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Four Stages of Life - Essay Example

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Name: Instructor: Course: Date: Four Stages of Life In relation to the Laws of Manu, Hinduism has four stages of life. These include; the student stage, the householder stage, the hermit stage or forest dweller stage, and the wandering ascetic stage. Each of the stages has a different Dharma and is representative of various periods, i.e…
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Four Stages of Life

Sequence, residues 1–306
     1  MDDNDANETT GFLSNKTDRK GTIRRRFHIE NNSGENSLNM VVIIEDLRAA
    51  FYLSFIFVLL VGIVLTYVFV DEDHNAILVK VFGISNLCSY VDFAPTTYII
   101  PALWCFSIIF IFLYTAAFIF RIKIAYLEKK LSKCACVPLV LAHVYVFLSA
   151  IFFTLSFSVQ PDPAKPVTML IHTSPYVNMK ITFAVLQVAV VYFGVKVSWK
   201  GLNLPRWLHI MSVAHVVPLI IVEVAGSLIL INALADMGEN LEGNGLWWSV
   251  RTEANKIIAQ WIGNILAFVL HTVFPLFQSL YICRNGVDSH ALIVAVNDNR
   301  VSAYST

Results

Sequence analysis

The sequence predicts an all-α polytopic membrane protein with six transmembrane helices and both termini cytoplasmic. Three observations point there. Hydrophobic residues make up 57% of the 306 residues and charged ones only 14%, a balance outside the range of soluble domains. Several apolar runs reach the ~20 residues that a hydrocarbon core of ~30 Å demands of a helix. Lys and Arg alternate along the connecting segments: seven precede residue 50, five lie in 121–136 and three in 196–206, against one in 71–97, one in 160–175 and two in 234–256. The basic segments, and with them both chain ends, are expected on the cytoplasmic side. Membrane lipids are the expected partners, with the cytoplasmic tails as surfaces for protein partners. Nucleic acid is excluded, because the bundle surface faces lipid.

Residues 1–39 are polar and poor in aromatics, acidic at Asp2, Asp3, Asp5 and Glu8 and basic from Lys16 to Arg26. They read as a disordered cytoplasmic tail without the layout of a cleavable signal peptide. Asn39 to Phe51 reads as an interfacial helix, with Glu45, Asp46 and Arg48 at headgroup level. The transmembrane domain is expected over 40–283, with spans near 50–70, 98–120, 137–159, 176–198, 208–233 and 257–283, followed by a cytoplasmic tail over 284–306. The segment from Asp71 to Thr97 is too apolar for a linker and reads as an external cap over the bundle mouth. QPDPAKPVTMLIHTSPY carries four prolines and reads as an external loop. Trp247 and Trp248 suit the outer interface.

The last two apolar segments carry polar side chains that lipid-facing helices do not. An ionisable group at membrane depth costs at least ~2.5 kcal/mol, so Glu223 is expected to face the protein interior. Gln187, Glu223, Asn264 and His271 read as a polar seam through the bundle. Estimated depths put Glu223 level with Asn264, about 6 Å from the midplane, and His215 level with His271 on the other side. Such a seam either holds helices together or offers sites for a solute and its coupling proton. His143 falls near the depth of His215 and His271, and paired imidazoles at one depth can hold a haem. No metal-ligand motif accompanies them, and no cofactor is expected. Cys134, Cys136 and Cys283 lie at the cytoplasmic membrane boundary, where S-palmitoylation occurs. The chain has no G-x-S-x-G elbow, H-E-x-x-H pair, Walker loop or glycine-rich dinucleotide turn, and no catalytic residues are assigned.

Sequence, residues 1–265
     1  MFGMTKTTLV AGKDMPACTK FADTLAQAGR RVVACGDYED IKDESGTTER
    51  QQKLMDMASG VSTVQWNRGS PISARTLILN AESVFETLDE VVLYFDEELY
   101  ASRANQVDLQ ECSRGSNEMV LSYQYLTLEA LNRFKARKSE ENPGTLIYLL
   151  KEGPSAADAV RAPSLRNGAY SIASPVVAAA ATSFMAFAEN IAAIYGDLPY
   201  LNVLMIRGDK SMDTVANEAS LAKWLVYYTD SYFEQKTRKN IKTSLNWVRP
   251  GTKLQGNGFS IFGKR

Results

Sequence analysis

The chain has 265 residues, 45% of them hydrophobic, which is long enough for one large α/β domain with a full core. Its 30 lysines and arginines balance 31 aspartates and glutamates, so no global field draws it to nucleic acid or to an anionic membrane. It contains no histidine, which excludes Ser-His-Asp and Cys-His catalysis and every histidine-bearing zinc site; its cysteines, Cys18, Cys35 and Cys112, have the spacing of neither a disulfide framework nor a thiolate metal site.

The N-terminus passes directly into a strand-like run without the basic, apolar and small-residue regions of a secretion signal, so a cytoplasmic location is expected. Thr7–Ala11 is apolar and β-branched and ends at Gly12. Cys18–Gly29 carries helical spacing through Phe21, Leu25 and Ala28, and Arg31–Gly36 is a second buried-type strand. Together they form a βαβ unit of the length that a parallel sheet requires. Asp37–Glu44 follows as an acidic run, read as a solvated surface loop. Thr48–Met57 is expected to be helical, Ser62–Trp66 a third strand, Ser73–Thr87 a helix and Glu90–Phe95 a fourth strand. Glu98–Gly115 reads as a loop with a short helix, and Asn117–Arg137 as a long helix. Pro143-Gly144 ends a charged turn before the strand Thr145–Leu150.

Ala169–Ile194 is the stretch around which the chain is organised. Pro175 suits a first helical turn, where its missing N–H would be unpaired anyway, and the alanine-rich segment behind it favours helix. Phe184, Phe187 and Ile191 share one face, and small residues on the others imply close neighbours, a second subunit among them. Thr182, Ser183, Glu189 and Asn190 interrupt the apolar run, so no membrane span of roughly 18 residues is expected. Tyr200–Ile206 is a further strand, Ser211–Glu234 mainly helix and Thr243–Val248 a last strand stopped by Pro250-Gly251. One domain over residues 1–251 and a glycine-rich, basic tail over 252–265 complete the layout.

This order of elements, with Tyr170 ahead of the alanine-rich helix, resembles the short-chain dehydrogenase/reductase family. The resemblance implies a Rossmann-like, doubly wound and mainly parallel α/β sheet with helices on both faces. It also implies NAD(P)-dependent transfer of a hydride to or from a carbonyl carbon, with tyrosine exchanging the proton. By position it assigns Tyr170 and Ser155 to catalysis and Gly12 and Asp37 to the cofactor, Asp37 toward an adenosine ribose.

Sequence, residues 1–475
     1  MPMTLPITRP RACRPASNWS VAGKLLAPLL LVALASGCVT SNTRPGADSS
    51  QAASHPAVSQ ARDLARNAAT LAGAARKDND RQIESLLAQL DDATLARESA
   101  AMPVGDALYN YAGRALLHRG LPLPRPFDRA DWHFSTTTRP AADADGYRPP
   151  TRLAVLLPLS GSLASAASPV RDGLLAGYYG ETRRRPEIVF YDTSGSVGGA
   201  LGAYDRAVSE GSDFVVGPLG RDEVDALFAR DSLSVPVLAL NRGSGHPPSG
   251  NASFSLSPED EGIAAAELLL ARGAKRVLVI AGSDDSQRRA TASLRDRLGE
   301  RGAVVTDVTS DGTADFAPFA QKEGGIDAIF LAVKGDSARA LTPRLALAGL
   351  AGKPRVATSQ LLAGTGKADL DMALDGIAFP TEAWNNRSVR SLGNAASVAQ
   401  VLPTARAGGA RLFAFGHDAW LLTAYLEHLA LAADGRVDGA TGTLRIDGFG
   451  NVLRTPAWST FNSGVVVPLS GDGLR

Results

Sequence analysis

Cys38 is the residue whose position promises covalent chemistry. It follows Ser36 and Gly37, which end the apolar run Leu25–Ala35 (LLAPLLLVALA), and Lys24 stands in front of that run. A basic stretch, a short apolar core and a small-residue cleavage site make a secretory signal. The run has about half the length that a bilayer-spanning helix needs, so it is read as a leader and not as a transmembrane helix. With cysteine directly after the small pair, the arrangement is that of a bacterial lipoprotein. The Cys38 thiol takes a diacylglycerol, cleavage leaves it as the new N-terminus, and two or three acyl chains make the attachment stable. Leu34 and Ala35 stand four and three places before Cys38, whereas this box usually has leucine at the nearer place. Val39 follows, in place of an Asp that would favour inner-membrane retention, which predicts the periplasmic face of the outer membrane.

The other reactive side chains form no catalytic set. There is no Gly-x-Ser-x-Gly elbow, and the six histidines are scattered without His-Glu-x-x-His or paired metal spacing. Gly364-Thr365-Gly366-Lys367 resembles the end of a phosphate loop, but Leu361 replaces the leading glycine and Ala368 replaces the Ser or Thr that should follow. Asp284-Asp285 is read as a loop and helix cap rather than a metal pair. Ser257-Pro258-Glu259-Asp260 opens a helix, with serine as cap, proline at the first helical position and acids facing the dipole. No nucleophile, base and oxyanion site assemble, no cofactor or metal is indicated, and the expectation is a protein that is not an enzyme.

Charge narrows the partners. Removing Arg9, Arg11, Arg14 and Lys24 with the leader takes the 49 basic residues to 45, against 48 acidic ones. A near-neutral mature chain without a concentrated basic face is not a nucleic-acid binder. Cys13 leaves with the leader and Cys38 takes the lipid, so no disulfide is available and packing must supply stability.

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Download file to see previous pages In order for Hindus to opt out of their ordinary life, one must engage in the laws of Manu. Hindus do not require teachings on how to be happy, secure, or win the admiration and respect of their associates and friends. However, they do require instructions on the best way to secure the same. In Hindu, deeper thinking is suggestive of the fact that these stages and the values they represent progress naturally. Therefore, man grows more towards their fundamental interests (Van Voorst 67). The movement towards increasingly satisfying and enduring values is institutionalized in the Ashramas, or the comprehension of the four stages of life. The first stage of human life in accordance with the laws of Manu is the studentship stage. For boy students, they are supposed to habituate with a guru or teacher to learn Sanskrit, ritual, the Vedas and others (Van Voorst 39). The guru in this case is a Brahmin. For the student, the dharma is inclusive of obedience, non-violence, celibacy, and respectfulness. God is the student’s teacher in this stage. When it comes to girls, this stage of student-hood is coincident with the householder stage; her husband takes up the role of her teacher. In this stage, the student’s norm is discipline, his forte is celibacy, and his duty is devotion to the guru, while his vocation is concentration in the studies. The student learns the renderings and nuances of Sastras, Upanishads, and Vedas. He does this through rote in order for him to realize in real life situations the significance of his studies when he is of age. Therefore, this stage is one of probation and training sans prejudice. The student is expected to add an honorific title before pronouncing the teacher’s name even when out of earshot (Van Voorst 40). The student’s initial lesson is Sandhya Vandanam in the evening, noon, and morning, breath control, Gayatri recitation, ablutions, sprinkling and sipping water, and water libations. The second stage of life as stipulated in the laws of Manu is the householder stage. In this stage, after bathing and performing the ritual for going back home, a twice born man is allowed to marry a woman from the same caste endowed with bodily marks of an auspicious nature (Van Voorst 40). Hindus take this stage more seriously as compared to Buddhism and Jainism; it is usually considered to be mandatory just as the first stage of student hood is. Here, the fundamental dharma of the specific individual is carried out whether as a warrior, priest, or otherwise, while for women the role is usually as a mother or wife. On top of the particular duties of the second stage, general duties are carried out with the aim of paying off debt. Marriage and bearing children is considered as discharging the debt to ancestors; sacrifices and household rituals are considered as discharging debt to the gods, and teaching one’s children, wife, and other students in the case of Brahmins is considered as discharging debt to the teacher (Van Voorst 41). These three debts can at times be associated with the three-trinity gods. These are Shiva for debt to the teachers, Brahma for debts to the ancestors, and Vishnu for debt to the gods. The third stage of human life written in the law of Manu is the forest dweller stage. This stage is optional and is entered ideally when a person gets graying hair, has grandchildren who can carry the family name onwards, and gets wrinkled skin. Wives and ...Download file to see next pages Read More
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